Fast-forward to 1992 when my Japanese wife, author Tsuruta Shizuka, and I made three country lifestyle books in one year’s time. I was burnt-out and didn’t want to touch my Nikon and Mamiya film cameras when we were done. I happened to pick up a copy of Camera and Darkroom and there was an article on pinhole photography. I remembered my college experience and immediately made myself an 8×10 box for paper negatives and got hooked. Later in 1993, when visiting my friend and mentor Willie Anne Wright, she showed me her Santa Barbara 4×5 camera and suggested I get one. I immediately bought two, 75mm and 150mm focal lengths, and learned how to use 4×5 film for the first time!
When doing my first series Healing Landscapes in the mid 1990’s, I discovered that pinhole cameras really suited my way of being. I am a long-time practitioner of meditation and I found the time when the shutter was open for the long exposure taking in a seascape or forest path to be very special.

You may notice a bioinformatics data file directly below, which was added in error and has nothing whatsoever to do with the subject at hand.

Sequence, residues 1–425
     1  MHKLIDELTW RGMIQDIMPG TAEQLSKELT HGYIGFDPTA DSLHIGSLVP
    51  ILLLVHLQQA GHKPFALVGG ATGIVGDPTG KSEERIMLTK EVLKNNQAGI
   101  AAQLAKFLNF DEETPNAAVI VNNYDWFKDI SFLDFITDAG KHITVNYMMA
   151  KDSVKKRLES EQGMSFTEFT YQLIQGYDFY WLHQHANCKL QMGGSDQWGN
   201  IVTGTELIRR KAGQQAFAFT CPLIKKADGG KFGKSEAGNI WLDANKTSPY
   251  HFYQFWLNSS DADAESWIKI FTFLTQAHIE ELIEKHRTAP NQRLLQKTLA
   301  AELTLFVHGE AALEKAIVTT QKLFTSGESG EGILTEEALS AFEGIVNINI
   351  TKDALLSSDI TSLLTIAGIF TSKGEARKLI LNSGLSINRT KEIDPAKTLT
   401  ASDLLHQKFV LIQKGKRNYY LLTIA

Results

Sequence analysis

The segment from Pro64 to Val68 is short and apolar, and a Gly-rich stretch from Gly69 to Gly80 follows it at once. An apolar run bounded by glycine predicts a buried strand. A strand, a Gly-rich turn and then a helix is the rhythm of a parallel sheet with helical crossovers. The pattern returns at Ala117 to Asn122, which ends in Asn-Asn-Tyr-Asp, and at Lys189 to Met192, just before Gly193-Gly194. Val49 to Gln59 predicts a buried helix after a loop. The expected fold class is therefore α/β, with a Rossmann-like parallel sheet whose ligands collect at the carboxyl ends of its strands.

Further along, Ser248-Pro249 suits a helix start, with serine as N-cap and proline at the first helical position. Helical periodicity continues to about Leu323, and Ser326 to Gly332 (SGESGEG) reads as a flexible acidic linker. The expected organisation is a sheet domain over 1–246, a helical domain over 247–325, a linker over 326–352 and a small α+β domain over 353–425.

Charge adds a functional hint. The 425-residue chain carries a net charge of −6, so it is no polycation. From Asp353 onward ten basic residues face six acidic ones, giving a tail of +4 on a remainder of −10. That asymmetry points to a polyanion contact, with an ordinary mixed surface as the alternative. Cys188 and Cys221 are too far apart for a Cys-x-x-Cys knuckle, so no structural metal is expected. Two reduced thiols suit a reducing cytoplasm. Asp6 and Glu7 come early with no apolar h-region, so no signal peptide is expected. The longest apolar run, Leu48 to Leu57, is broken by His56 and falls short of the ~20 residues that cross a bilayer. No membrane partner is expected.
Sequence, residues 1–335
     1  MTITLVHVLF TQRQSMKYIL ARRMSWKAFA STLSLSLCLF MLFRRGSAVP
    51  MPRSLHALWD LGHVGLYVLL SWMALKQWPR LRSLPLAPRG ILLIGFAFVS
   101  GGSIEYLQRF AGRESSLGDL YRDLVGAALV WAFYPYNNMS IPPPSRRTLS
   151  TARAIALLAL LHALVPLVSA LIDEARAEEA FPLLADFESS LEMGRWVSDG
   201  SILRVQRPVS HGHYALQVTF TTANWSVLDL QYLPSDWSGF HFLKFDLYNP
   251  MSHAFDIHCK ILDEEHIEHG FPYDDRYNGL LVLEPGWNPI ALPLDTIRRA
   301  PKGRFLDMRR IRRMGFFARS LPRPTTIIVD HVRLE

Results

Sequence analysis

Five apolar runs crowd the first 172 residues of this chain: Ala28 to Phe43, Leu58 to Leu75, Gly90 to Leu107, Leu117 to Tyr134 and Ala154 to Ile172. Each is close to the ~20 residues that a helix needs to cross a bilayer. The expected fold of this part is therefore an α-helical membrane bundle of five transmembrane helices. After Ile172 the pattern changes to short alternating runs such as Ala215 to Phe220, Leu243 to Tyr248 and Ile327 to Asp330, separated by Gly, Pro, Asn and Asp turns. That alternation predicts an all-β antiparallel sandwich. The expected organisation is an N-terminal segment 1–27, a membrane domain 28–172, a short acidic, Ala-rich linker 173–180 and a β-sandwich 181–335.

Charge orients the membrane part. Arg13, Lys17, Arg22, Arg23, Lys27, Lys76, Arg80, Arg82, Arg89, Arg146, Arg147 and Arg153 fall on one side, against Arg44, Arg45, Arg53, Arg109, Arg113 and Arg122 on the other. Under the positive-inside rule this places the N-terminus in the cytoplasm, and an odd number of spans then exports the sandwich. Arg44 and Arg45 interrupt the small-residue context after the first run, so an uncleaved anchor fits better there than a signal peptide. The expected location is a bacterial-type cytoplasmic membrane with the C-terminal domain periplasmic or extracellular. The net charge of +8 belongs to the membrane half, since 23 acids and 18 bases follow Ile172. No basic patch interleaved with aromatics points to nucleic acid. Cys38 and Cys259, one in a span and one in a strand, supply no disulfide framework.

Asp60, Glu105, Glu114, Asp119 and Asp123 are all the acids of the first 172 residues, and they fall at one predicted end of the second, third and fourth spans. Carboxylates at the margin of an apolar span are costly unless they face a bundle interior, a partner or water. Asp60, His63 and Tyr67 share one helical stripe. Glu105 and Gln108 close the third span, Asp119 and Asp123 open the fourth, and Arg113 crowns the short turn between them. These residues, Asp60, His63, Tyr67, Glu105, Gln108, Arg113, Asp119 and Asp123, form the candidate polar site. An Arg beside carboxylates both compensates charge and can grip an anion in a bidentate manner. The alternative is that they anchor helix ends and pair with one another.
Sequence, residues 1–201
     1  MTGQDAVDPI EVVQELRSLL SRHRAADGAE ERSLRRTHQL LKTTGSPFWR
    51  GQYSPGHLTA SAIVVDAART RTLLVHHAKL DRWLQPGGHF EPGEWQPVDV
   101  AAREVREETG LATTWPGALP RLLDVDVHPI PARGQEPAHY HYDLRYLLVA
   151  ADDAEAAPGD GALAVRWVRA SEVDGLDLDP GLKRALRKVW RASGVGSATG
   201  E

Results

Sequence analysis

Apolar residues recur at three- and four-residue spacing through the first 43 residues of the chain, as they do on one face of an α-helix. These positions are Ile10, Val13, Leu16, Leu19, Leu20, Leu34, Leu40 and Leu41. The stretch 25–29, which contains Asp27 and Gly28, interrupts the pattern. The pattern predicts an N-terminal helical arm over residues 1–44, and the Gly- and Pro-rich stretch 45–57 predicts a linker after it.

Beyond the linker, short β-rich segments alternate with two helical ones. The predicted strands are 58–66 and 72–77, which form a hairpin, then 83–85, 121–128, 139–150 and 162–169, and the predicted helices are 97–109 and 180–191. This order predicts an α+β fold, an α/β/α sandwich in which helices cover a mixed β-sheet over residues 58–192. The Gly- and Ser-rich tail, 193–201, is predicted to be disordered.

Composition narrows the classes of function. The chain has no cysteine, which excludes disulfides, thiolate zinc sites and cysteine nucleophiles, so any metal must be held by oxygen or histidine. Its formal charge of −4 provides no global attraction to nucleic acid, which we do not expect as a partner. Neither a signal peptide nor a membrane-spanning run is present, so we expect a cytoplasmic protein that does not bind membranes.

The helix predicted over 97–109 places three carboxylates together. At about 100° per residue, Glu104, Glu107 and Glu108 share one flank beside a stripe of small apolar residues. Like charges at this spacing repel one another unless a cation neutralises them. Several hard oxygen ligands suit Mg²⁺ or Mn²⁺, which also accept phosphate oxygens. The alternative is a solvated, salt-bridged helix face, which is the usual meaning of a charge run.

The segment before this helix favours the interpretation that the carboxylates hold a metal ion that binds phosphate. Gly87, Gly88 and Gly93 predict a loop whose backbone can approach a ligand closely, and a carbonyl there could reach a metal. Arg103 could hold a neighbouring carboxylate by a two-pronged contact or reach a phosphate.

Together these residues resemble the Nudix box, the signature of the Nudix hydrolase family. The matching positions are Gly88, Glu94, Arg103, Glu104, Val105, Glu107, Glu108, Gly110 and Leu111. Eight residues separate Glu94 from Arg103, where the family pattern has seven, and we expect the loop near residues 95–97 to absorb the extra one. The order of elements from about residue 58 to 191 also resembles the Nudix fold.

I have written elsewhere about the pinhole camera being a Zen-like empty space. When the shutter is open, I too am drinking in and attuning to the moment, the location and, in the case of photographing people such as in my Cityscapes series, I spend some special moments with the subjects and share a connection as we watch each other during a 30 sec or 1 minute exposure. My personal practice is not Zen, but this way of being empty and letting something come in is definitely influenced by my living in Japan for 40 years.
We don’t see a landscape or the world at a 1/60 of a second as lens cameras do. Standing on the beach watching the waves is a longer real-life experience than that. And pinhole cameras are, for me, the photographic tools that best capture that experience, no matter what the subject matter. (see http://www.edophoto.com/writings/sea.html )